Sadaf and Rinzin Cafe Discussion 7- Butler and Gender

Butler- Rethinking Vulnerability and Resistance

Having recently read and discussed Judith Butler’s Rethinking Vulnerability and Resistance and presenting on our projects, both Rinzin and I realized that this article while difficult was very important to understanding resistance and how vulnerable people are in their struggle to go against the narrative.

Sadaf: Butler makes a case about the condition of the human body and those that are able bodied. In this sense, struggle and resistance is portrayed more so in the condition of being able bodied and resisting against social and economic policies. Rarely, is resistance performed by those that are not able bodied. Rarely, are actions thought of as being performed by those who are no able bodied. With this mindset, the able bodied individuals of a society do not create environments or circumstances that would allow disabled bodies of people to resist.

Rinzin: The part that stuck out most to me is that act of resistance such as protest can only be exercised only if that person’s life enables it. I have lot of friends who are illegal immigrants as well as their parents living in the U.S. After Trump took away Deferred Action for Childhood Arrivals (DACA) which protects some individuals living in the U.S, many were frustrated. However, they were not able to protest or speak out. They were afraid that in the process they might be deported or arrested. Also, some can’t afford to take the time out from work, since most have low income jobs and less flexible hours. This is a sad reality that people who are vulnerable that want to and should resist dont have the support they need in order to fight for their cause. Maybe, this could be an factor why in which the system is a never ending circle that bullies the weak as an ongoing process.

Sadaf: Another argument that Butler makes and both Rinzin and I thought was interesting was the way in which name-calling has affected the performances of people as they are identified at a young age as male or female, of one nationality or minority. This form of name-calling and gender identification is important in understanding my topic and the “bachaposh.” As girls dress as boys and sometimes struggle in understanding their role in a society that sees them as male but in the private sphere they are treated as girls. The fact that these young girls are in a situation where they must socially perform as male but still act within the dimensions of female behavior is seen as a confusing and problematic start to their lives. Most of these young girls are taught what it means to be a female and how to perform their identities at home as such however, they must then embody the role of a male when they are at school, or working. Rinzin agreed, that with name-calling and being recognized as a woman and as someone of a particular nationality makes those in certain societies like India use products that lessen the chances of being referred to negative stereotypes derived from having darker skin.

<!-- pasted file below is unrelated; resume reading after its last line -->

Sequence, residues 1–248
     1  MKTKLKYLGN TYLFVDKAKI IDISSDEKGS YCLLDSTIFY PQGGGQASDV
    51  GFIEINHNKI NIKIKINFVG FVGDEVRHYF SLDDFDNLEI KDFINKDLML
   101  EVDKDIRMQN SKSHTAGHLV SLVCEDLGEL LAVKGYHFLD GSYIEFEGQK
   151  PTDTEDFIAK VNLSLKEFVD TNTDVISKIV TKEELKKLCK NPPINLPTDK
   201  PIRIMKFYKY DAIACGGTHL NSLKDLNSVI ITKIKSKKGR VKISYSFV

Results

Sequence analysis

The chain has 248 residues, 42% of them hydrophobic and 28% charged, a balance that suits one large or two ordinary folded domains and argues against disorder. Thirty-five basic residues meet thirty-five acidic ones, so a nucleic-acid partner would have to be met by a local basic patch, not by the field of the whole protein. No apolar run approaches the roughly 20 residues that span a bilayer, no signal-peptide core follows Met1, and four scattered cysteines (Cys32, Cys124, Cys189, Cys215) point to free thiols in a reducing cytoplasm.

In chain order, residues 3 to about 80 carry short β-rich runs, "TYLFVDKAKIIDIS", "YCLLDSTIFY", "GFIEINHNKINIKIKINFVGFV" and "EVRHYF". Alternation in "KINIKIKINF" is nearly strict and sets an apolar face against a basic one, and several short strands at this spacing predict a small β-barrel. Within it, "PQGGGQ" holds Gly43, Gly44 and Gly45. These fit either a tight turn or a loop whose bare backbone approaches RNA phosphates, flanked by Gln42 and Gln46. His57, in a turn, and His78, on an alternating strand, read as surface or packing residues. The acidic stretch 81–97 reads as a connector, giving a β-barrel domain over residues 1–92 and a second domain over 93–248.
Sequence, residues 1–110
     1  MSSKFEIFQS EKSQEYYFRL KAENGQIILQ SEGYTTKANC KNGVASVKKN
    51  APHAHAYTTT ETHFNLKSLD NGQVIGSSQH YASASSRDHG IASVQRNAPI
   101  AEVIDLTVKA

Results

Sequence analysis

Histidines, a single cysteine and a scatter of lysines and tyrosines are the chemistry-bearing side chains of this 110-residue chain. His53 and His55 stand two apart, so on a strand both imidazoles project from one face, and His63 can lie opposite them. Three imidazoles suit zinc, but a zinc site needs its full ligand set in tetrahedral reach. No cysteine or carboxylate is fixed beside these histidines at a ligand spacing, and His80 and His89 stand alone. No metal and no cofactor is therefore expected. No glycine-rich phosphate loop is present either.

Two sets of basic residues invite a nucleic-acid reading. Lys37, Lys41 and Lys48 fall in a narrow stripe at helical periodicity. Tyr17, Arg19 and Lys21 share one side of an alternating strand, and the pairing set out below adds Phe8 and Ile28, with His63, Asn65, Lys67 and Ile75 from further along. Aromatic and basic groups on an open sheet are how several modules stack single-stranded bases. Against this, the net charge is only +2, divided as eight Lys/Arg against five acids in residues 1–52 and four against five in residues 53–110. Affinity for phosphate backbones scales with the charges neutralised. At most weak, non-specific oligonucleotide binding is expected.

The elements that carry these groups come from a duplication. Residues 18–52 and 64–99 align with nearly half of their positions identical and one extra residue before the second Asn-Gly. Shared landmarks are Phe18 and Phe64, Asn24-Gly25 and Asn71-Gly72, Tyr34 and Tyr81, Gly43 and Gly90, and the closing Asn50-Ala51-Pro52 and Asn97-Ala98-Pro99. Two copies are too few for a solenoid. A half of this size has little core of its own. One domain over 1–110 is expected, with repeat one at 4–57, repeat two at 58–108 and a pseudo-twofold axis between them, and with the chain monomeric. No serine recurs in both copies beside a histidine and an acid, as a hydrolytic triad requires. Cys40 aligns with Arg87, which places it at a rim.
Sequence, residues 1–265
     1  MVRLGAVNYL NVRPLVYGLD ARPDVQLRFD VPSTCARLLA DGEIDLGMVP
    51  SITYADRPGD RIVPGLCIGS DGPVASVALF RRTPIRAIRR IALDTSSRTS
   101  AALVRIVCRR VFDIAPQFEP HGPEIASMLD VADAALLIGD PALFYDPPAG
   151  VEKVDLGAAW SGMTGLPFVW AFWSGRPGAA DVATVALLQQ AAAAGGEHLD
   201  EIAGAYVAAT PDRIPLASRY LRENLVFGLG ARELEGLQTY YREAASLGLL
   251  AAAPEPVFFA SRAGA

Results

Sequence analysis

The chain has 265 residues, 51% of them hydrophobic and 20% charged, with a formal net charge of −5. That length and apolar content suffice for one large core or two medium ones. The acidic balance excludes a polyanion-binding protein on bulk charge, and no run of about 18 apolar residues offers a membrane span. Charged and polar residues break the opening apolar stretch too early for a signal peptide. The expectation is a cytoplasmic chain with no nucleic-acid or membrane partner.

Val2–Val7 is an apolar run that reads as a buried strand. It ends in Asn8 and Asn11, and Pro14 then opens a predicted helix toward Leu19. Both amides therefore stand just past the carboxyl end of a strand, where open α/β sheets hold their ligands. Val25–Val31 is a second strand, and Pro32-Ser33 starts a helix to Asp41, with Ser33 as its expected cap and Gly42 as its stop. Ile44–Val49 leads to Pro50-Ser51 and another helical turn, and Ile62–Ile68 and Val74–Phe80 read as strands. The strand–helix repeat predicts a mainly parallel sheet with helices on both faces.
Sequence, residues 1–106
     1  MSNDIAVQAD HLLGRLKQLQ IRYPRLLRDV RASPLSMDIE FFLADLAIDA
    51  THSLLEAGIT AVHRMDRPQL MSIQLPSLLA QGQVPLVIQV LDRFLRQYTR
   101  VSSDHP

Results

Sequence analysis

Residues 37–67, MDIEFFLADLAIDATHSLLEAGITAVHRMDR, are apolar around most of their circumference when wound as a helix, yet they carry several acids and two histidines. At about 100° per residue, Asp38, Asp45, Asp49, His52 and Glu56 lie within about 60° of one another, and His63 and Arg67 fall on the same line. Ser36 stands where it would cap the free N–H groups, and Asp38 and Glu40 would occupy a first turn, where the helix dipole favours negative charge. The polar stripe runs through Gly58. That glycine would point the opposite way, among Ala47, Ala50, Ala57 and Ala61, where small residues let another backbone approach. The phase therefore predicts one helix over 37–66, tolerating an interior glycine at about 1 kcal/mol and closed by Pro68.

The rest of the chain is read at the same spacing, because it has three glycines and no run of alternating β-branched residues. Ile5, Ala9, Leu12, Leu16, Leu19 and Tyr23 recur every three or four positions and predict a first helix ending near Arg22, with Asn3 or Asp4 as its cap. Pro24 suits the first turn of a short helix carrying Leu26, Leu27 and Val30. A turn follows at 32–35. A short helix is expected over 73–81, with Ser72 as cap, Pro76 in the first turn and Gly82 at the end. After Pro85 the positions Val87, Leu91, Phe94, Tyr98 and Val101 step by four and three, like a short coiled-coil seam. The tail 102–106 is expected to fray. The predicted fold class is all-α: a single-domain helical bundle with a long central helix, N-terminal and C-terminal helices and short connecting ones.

Rinzin: I think the other thing that Butler brought up in this article that I think is prevalent on SLU campus is that the dominant group uses vulnerability to hide their set privilege. An example that is provided in this article is that “When the white people in california was no longer the majority group, they claimed that they were a vulnerable population”. They did not understand what it really mean to be part of the vulnerable population and it was clearly racist. A similar incident happened on campus a couple of month ago. DiMezzo, President of SLU sent out an email to the whole campus in which he stated that SLU Republicans feel as if they don’t have a space on campus and cant voice their opinion in class without being judged. Essentially claiming that they are a vulnerable population on campus. Similar to the white people in California who claimed they were a vulnerable population, they failed to recognize their own privilege.

Question: Who has most influenced Butler and her understanding of Resistance as she has described it as an act produced through an able body and how have people been unable to resist due to this?

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